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3. Cozy? No way.

As summer turned to fall turned to winter, we discovered that the house we rented was only equipped for three-season living — despite having been told it was a year-round home when we signed the lease. Without adequate insulation or an effective heat source, we shivered our way through an unseasonably cold Canadian winter.

When our lease ended, we purchased a cabin of our own and put the hard-won lessons we’d learned into practice. Set far back from the road (privacy at last!), it had brand new windows and doors (excellent for insulation), a wood stove, and a furnace. Things were looking up.

But then rain water seeped into our basement (the result of blocked eavestroughs). We lost our newly installed carpet, loads of furniture, and some family heirlooms, too.

Next, our well ran dry (yes, that can happen). We spent three weeks without running water (no toilets, laundry, or showers) and eventually had to shell out $15,000 to drill a new well and bring the house back to a liveable baseline.

The hits just kept coming…

4. Rock bottom? Sadly, yes.

As 2019 came to a close, we accepted the fact that even our daughter’s school program was nothing like what we’d been sold. The environment was emotionally toxic and our daughter was being bullied relentlessly. We pulled her out of the school following ongoing discussions with the administration that yielded no results.

By the time the COVID-19 pandemic hit in early 2020, I had reached my lowest point. It felt like we’d been sailing a small boat on a raging ocean, pelted by one wave after the next. The lack of privacy, insular community, the cold, the flood, the well, the school (now lack thereof)… I was gasping for air, but drowning in the frigid waters of regret.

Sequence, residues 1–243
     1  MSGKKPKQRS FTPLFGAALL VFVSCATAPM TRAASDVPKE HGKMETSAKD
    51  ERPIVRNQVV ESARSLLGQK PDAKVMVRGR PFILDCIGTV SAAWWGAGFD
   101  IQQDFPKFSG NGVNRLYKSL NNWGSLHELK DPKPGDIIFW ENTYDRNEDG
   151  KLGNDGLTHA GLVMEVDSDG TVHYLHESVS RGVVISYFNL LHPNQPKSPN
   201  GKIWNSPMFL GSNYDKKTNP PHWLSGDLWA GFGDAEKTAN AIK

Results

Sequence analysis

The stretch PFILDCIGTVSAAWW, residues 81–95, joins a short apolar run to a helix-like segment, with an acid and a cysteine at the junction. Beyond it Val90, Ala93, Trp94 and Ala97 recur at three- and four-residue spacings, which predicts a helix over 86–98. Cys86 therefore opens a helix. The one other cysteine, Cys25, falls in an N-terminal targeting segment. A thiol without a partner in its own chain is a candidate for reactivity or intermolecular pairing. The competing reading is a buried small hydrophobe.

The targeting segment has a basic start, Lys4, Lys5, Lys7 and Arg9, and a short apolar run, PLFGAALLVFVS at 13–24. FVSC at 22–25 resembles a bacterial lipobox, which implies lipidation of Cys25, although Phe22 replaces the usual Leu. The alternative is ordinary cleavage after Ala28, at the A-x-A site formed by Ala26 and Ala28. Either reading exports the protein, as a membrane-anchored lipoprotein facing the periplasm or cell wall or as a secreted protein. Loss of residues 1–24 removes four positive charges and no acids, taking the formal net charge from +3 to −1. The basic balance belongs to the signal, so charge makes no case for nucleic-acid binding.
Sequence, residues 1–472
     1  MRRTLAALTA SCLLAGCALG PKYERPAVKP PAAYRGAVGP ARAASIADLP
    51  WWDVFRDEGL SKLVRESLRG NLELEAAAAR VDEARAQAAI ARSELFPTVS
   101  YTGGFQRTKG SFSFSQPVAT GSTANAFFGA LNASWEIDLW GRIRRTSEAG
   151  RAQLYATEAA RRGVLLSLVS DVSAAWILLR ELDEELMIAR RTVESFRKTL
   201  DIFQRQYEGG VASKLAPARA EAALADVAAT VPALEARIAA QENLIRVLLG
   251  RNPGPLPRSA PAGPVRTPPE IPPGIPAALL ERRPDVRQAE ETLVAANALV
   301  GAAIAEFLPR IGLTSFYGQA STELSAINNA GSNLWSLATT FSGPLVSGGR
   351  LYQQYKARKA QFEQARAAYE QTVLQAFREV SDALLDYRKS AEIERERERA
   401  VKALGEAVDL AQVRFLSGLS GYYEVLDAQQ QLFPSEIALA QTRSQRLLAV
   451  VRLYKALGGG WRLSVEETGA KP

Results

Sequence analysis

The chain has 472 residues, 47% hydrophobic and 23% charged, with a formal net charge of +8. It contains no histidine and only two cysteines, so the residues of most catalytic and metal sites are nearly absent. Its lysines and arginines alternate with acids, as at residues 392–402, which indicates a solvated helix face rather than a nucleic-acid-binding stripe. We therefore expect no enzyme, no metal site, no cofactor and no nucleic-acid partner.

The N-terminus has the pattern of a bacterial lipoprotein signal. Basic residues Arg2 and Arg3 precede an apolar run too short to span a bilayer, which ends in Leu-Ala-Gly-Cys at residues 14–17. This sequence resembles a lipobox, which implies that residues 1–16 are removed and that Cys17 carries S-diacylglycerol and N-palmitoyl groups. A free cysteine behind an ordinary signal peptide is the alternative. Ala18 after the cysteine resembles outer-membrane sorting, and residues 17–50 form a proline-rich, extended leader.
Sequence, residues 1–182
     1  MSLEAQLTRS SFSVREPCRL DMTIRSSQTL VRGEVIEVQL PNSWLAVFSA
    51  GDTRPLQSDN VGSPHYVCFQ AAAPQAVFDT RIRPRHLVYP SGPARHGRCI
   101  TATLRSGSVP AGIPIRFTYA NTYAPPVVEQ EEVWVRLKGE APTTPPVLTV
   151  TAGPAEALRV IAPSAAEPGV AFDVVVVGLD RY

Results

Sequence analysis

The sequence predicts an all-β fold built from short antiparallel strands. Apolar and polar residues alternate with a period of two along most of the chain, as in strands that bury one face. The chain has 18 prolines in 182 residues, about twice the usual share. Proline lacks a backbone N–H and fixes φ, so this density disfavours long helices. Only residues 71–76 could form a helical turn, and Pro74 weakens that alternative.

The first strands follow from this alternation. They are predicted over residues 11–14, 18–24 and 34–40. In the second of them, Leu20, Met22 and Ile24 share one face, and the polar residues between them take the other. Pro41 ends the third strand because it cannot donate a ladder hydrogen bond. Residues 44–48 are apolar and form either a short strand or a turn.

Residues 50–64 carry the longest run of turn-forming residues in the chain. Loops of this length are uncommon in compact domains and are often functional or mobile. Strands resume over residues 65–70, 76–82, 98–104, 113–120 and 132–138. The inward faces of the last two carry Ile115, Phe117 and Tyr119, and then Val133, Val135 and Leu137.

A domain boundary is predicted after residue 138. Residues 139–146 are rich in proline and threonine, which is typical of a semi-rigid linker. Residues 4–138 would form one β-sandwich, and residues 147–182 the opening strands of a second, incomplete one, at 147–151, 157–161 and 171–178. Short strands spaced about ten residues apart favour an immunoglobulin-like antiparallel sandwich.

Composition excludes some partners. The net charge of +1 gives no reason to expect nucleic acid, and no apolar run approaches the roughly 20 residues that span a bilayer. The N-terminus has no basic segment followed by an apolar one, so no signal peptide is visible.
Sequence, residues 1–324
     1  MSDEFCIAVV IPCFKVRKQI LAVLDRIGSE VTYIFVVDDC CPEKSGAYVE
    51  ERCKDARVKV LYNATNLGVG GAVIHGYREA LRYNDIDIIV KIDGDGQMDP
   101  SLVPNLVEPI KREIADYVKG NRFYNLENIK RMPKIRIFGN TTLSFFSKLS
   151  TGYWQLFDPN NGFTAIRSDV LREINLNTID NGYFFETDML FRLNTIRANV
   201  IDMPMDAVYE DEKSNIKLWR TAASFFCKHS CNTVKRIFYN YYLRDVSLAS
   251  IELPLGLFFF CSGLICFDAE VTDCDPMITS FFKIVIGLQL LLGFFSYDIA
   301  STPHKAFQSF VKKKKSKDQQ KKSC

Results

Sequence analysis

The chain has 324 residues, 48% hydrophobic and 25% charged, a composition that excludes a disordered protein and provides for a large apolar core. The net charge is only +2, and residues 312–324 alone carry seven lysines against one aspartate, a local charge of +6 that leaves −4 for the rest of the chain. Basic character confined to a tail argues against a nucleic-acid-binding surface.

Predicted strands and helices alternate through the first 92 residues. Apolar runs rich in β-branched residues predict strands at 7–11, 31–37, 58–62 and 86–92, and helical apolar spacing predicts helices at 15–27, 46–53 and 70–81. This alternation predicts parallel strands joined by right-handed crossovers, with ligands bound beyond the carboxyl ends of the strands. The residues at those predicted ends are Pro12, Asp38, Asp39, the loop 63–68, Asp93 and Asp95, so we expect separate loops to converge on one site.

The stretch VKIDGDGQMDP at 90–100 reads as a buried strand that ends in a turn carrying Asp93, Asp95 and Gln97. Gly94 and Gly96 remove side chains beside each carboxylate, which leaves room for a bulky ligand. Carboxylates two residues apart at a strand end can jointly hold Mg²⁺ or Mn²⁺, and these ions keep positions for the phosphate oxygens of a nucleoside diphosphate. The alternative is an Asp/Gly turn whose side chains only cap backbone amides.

Sifting Through the Wreckage and Finding the Treasure(s)

There’s an interesting thing that happens though when you hit a rock bottom in life — you get an eerie kind of clarity and a willingness to sift through the wreckage for salvageable parts. Perhaps because, truly, what else are you going to do?

As it turns out, a cabin in the woods is an ideal setting to ride out a global pandemic. Our natural introversion and circumstantial lack of friends proved to be a winning combo — when lockdowns hit, our lifestyle was largely unaffected. We went from spending our days alone in a cabin in the woods while others socialized, to spending our days alone in a cabin in the woods while others struggled to isolate.

Remote school programs became available. We enrolled our daughter in online learning and she began to thrive. She met other kids like her, many of whom were introverts with previous experience being bullied.

I allowed our journey to chisel away parts of myself that no longer fit. I left my role as a finance and tech copywriter to train as a mindfulness instructor and started delivering workshops to corporate audiences. I wrote and self-published my first book — based largely on the lessons I’d learned during the last four years.                

Worried About Taking a Leap of Faith? Do It Anyway!

This is the thing about taking leaps of faith. The biggest thing that I’ve learned:

It doesn’t matter if your leap of faith “works out” according to plan. In this life, what matters is what we learn. (And we introverts love to learn!) When we lean into the mystery, when we explore our crazy ideas, when we take the time to grieve what we thought life would look like — and get curious about what actually is instead — we find magic that sustains us through the next leg of the journey.

I’m living the introvert dream, spending my days in a cabin in the woods. It’s nothing like I expected, but in many ways, it’s been absolutely everything I needed.

To learn more about Kyra’s corporate and 1:1 sessions, or to purchase her book, follow her on Instagram: @kyra_evans_writer.